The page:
Man is a little world -- a microcosm inside the great universe. Like a foetus, he is suspended, by all his three spirits, in the matrix of the macrocosmos; and while his terrestrial body is in constant sympathy with its parent earth, his astral soul lives in unison with the sidereal anima mundi. He is in it, as it is in him, for the world-pervading element fills all space, and is space itself, only shoreless and infinite. As to his third spirit, the divine, what is it but an infinitesimal ray, of the countless radiations proceeding directly from the Highest Cause -- the Spiritual Light of the World? This is the trinity of organic and inorganic nature -- the spiritual and the physical which are three in one, and of which Proclus says that "The first monad is the Eternal God; the second, eternity; the third, the paradigm, or pattern of the universe"; the three constituting the Intelligible Triad.

Everything in this visible universe is the outflow of this Triad, and a microcosmic triad in itself. And thus they move in majestic procession in the fields of eternity, around the Spiritual Sun, as in the heliocentric system the celestial bodies move round the visible sun. The Pythagorean Monad, which lives "in solitude and darkness," may remain on this earth forever invisible, impalpable, and undemonstrated by experimental science. Still the whole universe will be gravitating around it, as it did from the "beginning of time," and with every second, man and atom approach nearer to that solemn moment in the eternity, when the Invisible Presence will become clear to their spiritual sight. The Secret Doctrine teaches that man, if he wins immortality, will remain forever the trinity that he is in life, and will continue so throughout all the spheres. The astral body, which in this life is covered by a gross physical envelope, becomes -- when relieved of that covering by the process of death -- in its turn the shell of another and more ethereal body. This begins developing from the moment of death, and becomes perfected when the astral body of the earthly form finally separates from it. This process, they say, is repeated at every new transition from sphere to sphere. But the immortal soul, "the silvery spark" observed by Dr. Fenwick in Margrave's brain, and not found by him in the animals, never changes, but remains indestructible "by aught that shatters its tabernacle."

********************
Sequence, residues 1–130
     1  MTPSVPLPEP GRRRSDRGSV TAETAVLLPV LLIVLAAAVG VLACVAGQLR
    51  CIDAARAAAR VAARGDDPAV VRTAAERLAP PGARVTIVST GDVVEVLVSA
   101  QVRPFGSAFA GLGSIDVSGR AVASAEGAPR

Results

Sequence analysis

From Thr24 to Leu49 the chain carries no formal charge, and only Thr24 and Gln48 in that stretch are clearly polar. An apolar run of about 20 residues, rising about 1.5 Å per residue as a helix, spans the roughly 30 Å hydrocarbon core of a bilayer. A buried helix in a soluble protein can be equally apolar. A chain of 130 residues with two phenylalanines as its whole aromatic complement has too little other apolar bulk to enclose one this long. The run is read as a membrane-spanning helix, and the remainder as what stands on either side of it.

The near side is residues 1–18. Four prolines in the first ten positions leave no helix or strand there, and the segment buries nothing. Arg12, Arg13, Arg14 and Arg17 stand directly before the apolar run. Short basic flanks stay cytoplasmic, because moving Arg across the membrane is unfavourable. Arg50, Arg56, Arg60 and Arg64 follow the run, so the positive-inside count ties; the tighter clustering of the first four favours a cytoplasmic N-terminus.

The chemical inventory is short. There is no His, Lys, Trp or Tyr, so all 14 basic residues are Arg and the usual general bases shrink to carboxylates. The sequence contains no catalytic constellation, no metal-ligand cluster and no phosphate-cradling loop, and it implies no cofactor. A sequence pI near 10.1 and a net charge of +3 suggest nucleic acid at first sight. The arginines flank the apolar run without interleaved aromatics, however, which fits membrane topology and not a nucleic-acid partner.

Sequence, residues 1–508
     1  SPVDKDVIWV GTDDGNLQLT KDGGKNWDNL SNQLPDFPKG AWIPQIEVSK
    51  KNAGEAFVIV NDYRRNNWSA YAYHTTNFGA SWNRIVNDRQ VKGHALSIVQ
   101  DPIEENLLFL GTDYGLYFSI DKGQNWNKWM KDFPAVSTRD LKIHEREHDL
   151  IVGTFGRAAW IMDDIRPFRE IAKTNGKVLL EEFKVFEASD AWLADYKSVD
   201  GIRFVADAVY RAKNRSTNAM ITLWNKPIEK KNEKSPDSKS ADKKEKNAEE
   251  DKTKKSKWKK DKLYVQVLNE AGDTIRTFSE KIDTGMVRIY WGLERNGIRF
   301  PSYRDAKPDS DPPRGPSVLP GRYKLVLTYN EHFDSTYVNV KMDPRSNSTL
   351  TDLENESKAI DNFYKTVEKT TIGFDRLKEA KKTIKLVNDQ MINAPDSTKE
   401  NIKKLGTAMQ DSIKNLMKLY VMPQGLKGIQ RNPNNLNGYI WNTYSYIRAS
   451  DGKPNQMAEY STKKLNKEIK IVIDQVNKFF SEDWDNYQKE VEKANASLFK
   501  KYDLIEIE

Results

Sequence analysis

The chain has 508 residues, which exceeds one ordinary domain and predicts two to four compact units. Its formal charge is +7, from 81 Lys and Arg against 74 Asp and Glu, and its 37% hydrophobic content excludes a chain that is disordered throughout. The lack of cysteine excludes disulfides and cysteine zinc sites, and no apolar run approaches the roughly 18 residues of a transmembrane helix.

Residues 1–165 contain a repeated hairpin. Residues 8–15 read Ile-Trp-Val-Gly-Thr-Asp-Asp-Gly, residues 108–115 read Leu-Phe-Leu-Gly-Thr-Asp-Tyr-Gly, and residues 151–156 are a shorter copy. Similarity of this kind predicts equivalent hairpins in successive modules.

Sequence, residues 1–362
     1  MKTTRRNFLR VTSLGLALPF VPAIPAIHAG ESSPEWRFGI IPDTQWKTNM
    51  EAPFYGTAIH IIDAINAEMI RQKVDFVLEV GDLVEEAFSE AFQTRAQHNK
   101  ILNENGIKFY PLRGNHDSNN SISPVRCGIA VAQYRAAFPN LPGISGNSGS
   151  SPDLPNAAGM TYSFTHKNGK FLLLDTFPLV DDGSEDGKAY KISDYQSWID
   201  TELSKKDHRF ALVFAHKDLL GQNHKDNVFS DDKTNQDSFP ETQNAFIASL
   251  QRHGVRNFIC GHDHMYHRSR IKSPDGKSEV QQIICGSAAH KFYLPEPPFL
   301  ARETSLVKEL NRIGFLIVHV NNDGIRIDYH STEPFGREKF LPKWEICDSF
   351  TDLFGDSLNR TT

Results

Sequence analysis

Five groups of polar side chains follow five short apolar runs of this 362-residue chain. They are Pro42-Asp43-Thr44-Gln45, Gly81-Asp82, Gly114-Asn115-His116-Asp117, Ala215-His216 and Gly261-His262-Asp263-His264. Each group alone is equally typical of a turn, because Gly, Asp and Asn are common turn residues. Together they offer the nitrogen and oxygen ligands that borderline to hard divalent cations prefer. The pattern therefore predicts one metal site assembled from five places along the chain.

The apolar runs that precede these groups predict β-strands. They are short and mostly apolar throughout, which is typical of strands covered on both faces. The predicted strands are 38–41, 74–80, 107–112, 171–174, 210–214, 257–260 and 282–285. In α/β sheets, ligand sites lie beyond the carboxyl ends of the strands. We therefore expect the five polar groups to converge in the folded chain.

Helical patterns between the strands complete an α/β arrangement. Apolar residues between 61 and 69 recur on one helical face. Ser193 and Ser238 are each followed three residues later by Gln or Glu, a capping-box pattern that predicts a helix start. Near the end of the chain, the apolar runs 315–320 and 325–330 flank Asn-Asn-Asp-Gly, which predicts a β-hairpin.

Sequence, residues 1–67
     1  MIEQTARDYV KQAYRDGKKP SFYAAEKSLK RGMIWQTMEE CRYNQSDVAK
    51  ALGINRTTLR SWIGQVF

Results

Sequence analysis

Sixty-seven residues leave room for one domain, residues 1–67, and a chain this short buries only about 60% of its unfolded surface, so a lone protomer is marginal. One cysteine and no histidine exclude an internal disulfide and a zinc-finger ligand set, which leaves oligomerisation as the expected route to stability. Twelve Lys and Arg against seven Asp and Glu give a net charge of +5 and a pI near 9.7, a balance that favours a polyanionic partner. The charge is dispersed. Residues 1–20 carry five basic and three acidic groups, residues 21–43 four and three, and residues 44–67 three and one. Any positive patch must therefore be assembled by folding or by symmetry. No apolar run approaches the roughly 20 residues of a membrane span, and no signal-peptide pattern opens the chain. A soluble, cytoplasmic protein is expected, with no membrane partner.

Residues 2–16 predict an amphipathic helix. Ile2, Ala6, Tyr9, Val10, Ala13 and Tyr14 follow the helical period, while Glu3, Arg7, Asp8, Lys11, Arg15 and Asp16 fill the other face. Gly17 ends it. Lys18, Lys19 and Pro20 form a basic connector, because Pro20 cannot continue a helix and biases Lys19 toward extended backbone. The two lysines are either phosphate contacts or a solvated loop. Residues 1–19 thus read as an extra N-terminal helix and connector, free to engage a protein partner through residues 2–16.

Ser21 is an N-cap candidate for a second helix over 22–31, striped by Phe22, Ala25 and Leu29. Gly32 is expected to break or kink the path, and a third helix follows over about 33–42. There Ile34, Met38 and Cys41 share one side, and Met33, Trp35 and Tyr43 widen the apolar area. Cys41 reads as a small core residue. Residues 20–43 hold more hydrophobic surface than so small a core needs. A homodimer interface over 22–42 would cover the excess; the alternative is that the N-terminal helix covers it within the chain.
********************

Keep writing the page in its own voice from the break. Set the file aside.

The essential is forever the same. Whether we cut away the marble inward that hides the statue in the block, or pile stone upon stone outward till the temple is completed, our new result is only an old idea. The latest of all the eternities will find its destined other half-soul in the earliest. Kingdoms have crumbled and nations succeeded nations from the beginning until our day, the races alternately mounting up to the highest and descending to the lowest point of development. How analogous this theory to the law of planetary motion, which causes the individual orbs to rotate on their axes; the several systems to move round their respective suns; and the whole stellar host to follow a common path around a common centre. Life and death, light and darkness, day and night on the planet, as it turns about its axis and traverses the zodiacal circle representing the lesser and the greater cycles. The "coats of skin" mentioned in the third chapter of Genesis as given to Adam and Eve, are explained by certain ancient philosophers to mean the fleshy bodies with which, in the progress of the cycles, the progenitors of the race became clothed. They maintained that the god-like physical form became grosser and grosser, until the bottom of what may be termed the last spiritual cycle was reached, and mankind entered upon the ascending arc of the first human cycle.

Then began an uninterrupted series of cycles or yugas; the precise number of years of which each of them consisted remaining an inviolable mystery within the precincts of the sanctuaries and disclosed only to the initiates. As soon as humanity entered upon a new one, the stone age, with which the preceding cycle had closed, began to gradually merge into the following and next higher age. With each successive age, or epoch, men grew more refined, until the acme of perfection possible in that particular cycle had been reached. Then the receding wave of time carried back with it the vestiges of human, social, and intellectual progress. Cycle succeeded cycle, by imperceptible transitions; highly-civilized flourishing nations waxed in power, attained the climax of development, waned, and became extinct; and mankind, when the end of the lower cyclic arc was reached was replunged into barbarism as at the start.

When every particle of matter, even the most sublimated, has been cast off from the last shape that forms the ultimate link of that chain of double evolution which, throughout millions of ages and successive transformations, has pushed the entity onward; and when it shall find itself reclothed in that primordial essence, identical with that of its Creator, then this once impalpable organic atom will have run its race, and the sons of God will once more "shout for joy" at the return of the Pilgrim.